Cruise to the animals
In New Zealand’s pristine Fiordland, playful dolphins entertain intrepid voyagers
DOLPHINS are bounding towards us, their sleek grey bodies leaping in unison. It’s a welcoming committee of a score or more, a cavalcade of joy that elicits laughter from those of us lucky enough to receive this unexpected escort into Bligh Sound in New Zealand’s Fiordland.
Minutes earlier, on the bridge of the luxury three-deck catamaran Island Passage, I’d just jokingly ticked off four of the ‘‘big five’’ wildlife we’re likely to see in New Zealand’s southern fiords — penguins, albatrosses, fur seals and deer.
Then first officer Georgina Micet points ahead to the sudden flurry of white water on the starboard side: ‘‘Here they come.’’ Passengers scramble down to the lower deck for a close look.
It’s our third day in the fiords. Not all have dawned so bright and clear, but I learn that the weather is the biggest consideration as our journey takes shape at the hands of captain Vince Maurice. Where each day will take us depends, to a great extent, on the weather.
‘‘Below 40 degrees there is no weather, below 50 degrees there is no law, below 60 degrees there is no God,’’ jokes Captain Vince in a paraphrase of an old mariner’s adage. ‘‘But seriously, everything depends on the weather.’’ George Sound, where we join the sleek Island Passage, is at about 44 degrees. And it’s the changing weather, the moods, the mists and the rain, interspersed with bright blue-sky days that make this an unforgettable place. And the isolation — this is a place visited only by a few fisher- men and the hardiest of hikers. Island Escape Cruises’ owner Peter Bissett has spent years negotiating permission to bring his ship into these waters.
Fiordland National Park, on the southwest coast of the South Island, is New Zealand’s largest national park, extending more than 200km from Milford Sound in the north to Preservation Inlet in the south and covering 1.25 million hectares. It has been a World Heritage Area since 1986, home to 700 plants found nowhere else and wildlife including the endangered takahe bird and rare Fiordland crested penguin.
PICTURES: LEE MYLNE
Our journey has started in Queenstown, with a light plane flight to Te Anau and a helicopter transfer to the ship. It’s a dramatic, James Bond kind of way to arrive, dropping over the mountains, through mist and rain, to land on the ship’s helipad.
Fiordland is one of the wettest places in the world but we are blessed with two fine sunny days on our five-day cruise.
When it’s wet, the landscape is transformed. Rain washes the beech forest and waterfalls tumble down the steep mountain faces to the fiords; on sunny days, it is as if they had never existed.
George Sound is our shelter for two nights. The first morning dawns grey and drizzly, but we are keen to board the landing craft to explore the head of the sound, which sits 21km from the coast, where a Department of Conservation hikers’ hut peeks from the thick forest.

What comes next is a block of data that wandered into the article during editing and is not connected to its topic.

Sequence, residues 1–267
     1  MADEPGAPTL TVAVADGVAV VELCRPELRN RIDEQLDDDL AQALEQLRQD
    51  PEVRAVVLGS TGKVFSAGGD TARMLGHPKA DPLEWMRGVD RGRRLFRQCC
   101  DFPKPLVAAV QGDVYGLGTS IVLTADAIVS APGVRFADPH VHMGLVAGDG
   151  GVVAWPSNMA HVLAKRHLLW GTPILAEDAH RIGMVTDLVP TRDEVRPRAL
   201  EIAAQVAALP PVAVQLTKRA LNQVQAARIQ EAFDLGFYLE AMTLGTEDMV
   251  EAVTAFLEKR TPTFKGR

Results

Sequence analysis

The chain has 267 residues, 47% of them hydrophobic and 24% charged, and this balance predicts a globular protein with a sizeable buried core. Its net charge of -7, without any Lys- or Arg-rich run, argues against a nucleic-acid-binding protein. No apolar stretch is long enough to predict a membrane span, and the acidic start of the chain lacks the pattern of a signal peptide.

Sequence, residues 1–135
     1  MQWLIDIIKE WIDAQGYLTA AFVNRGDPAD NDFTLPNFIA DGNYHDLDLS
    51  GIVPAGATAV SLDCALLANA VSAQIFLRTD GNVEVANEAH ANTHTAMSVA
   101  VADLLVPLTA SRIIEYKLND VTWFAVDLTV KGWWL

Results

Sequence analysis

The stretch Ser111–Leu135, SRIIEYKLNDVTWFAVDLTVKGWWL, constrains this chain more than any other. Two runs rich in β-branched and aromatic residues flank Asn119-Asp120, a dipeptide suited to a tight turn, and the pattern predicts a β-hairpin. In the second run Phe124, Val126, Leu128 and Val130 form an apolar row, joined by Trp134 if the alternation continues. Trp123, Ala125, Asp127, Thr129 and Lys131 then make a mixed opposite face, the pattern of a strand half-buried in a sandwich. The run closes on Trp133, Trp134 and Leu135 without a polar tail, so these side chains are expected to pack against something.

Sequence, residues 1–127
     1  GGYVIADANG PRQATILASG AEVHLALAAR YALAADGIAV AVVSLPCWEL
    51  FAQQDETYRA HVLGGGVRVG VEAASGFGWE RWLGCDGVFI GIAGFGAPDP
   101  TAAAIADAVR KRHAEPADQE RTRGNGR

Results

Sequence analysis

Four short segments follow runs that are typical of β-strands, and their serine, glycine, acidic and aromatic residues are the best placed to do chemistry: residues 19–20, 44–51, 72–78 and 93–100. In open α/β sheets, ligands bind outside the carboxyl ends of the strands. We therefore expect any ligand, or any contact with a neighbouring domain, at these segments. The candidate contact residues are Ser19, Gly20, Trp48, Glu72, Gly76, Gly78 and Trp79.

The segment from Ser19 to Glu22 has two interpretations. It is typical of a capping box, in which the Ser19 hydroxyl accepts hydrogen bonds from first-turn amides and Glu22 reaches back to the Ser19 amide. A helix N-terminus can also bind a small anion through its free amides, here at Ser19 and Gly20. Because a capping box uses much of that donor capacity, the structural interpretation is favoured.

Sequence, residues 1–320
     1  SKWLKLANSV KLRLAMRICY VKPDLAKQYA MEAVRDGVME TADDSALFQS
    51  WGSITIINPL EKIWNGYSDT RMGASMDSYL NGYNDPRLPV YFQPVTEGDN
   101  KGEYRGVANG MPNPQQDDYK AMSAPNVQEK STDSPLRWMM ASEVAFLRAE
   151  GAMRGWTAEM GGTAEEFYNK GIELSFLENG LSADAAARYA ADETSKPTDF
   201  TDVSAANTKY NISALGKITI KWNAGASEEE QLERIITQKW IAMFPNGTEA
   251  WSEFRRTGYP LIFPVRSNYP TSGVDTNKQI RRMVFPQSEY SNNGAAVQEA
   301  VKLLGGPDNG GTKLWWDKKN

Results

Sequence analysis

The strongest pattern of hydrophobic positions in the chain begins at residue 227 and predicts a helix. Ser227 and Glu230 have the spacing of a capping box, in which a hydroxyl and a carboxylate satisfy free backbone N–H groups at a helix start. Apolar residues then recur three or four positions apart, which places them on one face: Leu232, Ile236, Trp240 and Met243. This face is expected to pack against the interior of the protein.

The track is muddy and slippery but we spend a pleasant half-hour or so pottering around, sheltered by towering silver beeches and dripping ferns.
The next day, our excursion is to a crescent of beach adorned with flowering flax bushes, daisies, blossoming rata trees — set to provide a blazing red summer showing for the next cruise — and wandering oyster-catchers, gulls and cormorants. There’s not a single piece of flotsam to be seen.
Later, we’re captivated by the lazy antics of a colony of New Zealand fur seals, idling on the rocks.
From George Sound, we venture into the Tasman Sea. I head to the stern and try to keep my mind off the pitching deck by watching the albatrosses and gulls ride the thermals and waves.
The ocean passages are mercifully short and mal de mer is avoided by most. With a maximum of 24 passengers and a crew of eight, service levels are high and it’s easy to find a quiet spot. Meal times, at two large dining tables, are introduced by head chef Yano Gideon and an almost too-steady supply of cakes and slices are provided by sous chef Donald Seil. Both chefs are from Vanuatu (where Island Passage cruises for part of the year).
In Bligh Sound, kayaks are launched and some guests paddle the shoreline, dwarfed by the steep sides of the fiord. The less intrepid take the landing craft to discover more waterfalls, mosses and lichens, and look in vain for signs of a reputed hot spring.
Heading north, we bypass the entrances to Sutherland Sound and Poison Bay. We enter Milford Sound, a tiny outpost of civilisation with day-tripping cruise boats and fishermen coming close to take a look at the ship.
As we fly out, I look down on a landscape unchanged for 350 million years. Island Passage sits reflected in the clear water, waiting to reveal more secrets of Fiordland to the new day’s arriving guests. Lee Mylne was a guest of Island Escape Cruises.
The three-deck catamaran Island Passage navigates through New Zealand’s Fiordland; fur seals, below, basking in the sun